- Posted Wednesday October 24, 2012
Scientists will examine origins of soil-carbon chemical chain reactions
October 24, 2012
Potential connections between the biodiversity of soil
microorganisms and the carbon cycle will be studied by the
Translational Genomics Research Institute (TGen) and Northern
Arizona University (NAU) under a $2 million grant from the National
Science Foundation (NSF).
The TGen-NAU project was one of 14 recently awarded a grant by NSF under the Dimensions of Biodiversity program.
"The work will test the idea that biodiversity is a fundamental driver of the carbon cycle, connecting microbes to the entire Earth system," said Dr. Bruce Hungate, Professor of Biology and a Director in NAU's Merriam-Powell Center for Environmental Research.
The project will investigate "a surprising response" to changes in soil carbon levels: When new carbon enters the soil, a chain reaction leads to the breakdown of older soil carbon that otherwise would have remained stable, Dr. Hungate said.
"Current theory does not explain this chain reaction," Dr. Hungate said. "The project will explore new dimensions connecting the diversity of the tree of life with the carbon cycle."
TGen's role in the project leverages advances in metagenomic sequencing - spelling out the DNA code of microbial samples from the environment -made by Dr. Lance Price, Director of TGen's Center for Microbiomics and Human Health, and Dr. Cindy M. Liu, a medical doctor and researcher at both TGen and NAU, who now works for Johns Hopkins University.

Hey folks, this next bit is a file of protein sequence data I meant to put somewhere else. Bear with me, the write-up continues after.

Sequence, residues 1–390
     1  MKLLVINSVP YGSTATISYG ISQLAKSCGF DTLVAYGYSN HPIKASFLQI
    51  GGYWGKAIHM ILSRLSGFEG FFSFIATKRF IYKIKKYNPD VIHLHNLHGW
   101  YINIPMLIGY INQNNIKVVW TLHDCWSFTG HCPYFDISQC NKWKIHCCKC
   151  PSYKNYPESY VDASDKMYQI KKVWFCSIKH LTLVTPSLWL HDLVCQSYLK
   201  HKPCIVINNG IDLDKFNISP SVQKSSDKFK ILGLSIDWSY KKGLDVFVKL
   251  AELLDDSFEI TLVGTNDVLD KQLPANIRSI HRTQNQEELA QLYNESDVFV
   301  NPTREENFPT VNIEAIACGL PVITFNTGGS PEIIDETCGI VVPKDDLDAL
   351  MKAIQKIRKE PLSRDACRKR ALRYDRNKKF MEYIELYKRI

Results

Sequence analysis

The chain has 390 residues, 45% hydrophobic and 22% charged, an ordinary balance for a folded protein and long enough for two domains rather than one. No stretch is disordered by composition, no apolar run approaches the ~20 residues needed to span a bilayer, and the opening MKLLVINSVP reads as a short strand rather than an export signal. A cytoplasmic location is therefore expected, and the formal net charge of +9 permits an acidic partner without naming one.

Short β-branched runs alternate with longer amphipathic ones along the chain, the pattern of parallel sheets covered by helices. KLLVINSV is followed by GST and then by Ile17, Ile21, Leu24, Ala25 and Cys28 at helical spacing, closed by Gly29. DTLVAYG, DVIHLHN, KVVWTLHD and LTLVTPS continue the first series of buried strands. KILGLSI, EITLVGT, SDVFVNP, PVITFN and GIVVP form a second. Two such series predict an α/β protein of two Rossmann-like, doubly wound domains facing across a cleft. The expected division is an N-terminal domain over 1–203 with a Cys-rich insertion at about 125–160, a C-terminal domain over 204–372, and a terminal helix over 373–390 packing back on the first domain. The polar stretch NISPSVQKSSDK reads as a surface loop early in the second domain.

"This project is a natural extension of our efforts to understand how the human microbiome responds to injuries, surgeries and chemicals," Dr. Price said. "Here, we're investigating how the planet's microbiome responds to excess carbon inputs, which may in turn loop back to negatively affect public health."
The work is important, Dr. Hungate said, because soil carbon is a major reservoir in the global carbon cycle, storing about three times the amount of carbon contained in the atmosphere as carbon dioxide. Some soil processes promote carbon storage, locking it away in stable forms, resistant to decay.
The phenomenon to be addressed has the opposite effect, converting carbon that was thought to be stable to carbon dioxide, and contributing to the atmospheric pool, amplifying rising carbon dioxide due to human burning of coal, oil and gasoline.
Dr. Hungate's extensive portfolio of research includes the ecosystem effects of biodiversity loss, the effects of climate change on plant growth, and the role of soil microbes in accelerating global warming.
NSF describes its biodiversity program's long-term goals as developing "an integrated understanding of the key dimensions of biodiversity in our ever-changing world."
The Translational Genomics Research Institute (TGen) is a Phoenix-based non-profit organization dedicated to conducting groundbreaking research with life changing results. Research at TGen is focused on helping patients with diseases such as cancer, neurological disorders and diabetes. TGen is on the cutting edge of translational research where investigators are able to unravel the genetic components of common and complex diseases. Working with collaborators in the scientific and medical communities, TGen believes it can make a substantial contribution to the efficiency and effectiveness of the translational process. For more information, visit: www.tgen.org.
TGen Senior Science Writer
Public Affairs Coordinator
Northern Arizona University